As Chandraskekaran documents, those civilians who flooded into the country in the early days of our victory – and it was a victory – were young and their primary qualification for service was that they were ideologues, who were loyal to the Bush administration. Surprise, surprise! Like that hasn’t been the major qualification for every position of responsibility that has led to abysmal failure on the part of the Bush administration both at home and abroad.

It’s important, though, to define the real problem or we will never be able to fix it in Iraq. And the American public is as uneasy with the Democratic timetables for withdrawal as they are disapproving of Bush’s intransigent insistence on staying the course. For good reason, thoughtful people fear the consequences of pulling out and wiping our hands of the whole mess, which we largely created in the first place. It’s not unreasonable to fear a destabilized and failed state in an already volatile region that always is in danger of exploding.

But we also can’t continue an occupation that is spiraling into chaos. We can’t keep doing what we’re doing into infinity. That’s not defeatism. That’s common sense. In fact, here’s an excerpt from an article by Christopher Preble, “How to Exit Iraq,” taken from the Cato Institute’s Website in 2005.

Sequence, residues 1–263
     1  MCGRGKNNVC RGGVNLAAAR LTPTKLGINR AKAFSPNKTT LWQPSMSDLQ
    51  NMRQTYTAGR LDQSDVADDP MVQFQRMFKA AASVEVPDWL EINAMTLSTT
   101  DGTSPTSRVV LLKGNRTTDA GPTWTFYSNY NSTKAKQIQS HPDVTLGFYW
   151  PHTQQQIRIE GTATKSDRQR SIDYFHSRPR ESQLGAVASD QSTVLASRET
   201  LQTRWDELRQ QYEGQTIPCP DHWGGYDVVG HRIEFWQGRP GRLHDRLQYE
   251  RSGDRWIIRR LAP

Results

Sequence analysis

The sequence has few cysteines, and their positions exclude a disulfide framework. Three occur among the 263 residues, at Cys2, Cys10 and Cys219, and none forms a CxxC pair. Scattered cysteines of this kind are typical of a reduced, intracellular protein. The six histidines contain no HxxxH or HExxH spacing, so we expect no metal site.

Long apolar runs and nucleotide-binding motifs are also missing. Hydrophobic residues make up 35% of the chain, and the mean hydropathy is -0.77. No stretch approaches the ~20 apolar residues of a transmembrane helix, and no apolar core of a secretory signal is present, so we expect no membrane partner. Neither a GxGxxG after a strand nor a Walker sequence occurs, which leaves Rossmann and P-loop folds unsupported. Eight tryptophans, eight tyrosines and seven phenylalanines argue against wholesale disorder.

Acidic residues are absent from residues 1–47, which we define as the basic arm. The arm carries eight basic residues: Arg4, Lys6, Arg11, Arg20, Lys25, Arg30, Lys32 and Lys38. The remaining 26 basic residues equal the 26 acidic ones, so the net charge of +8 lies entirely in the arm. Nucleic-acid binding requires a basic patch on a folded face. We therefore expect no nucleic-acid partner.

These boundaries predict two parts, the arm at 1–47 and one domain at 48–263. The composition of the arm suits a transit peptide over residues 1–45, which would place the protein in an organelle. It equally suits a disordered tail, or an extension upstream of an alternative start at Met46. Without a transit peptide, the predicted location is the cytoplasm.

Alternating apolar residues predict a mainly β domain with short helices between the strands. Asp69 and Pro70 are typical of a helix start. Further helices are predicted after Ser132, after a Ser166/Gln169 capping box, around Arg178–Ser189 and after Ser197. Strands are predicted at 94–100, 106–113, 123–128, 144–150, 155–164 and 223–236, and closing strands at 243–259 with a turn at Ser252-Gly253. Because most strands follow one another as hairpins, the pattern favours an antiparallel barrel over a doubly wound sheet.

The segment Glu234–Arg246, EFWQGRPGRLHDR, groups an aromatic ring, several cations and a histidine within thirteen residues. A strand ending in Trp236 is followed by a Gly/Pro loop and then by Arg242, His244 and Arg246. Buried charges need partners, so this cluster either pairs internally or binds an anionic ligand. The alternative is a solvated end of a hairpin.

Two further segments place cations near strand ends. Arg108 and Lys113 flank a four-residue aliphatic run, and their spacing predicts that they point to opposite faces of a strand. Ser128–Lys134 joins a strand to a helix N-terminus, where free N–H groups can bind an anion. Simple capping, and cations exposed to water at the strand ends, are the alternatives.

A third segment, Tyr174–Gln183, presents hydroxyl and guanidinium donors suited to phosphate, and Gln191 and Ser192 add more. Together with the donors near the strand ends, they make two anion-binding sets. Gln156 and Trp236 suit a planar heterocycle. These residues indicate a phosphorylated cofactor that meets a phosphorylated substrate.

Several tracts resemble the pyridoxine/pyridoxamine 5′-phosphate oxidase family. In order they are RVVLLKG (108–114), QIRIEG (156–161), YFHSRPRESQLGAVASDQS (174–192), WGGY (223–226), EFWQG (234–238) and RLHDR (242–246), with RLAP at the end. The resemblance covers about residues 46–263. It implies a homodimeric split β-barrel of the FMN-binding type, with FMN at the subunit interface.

“Former national security adviser Zbigniew Brzezinski declared last week that the United States could never achieve its goals of a democratic, stable and peaceful Iraq unless the American people were prepared to "commit 500,000 troops, spend [US]$200 billion a year, probably have a draft," and have some form of wartime taxation. Brzezinski conceded that Americans "are not prepared to do that."
Cato is not a leftwing think tank. Nor is Bryzesinski a Northeastern liberal dove. And he’s right. We’re not prepared to do those things. Nobody on the right currently criticizing the Democrats is willing to reinstate a draft let alone consider raising taxes. All they really want to do is chant slogans about defeatism and try to score political points off Democrats. That’s not a way to find a solution in Iraq.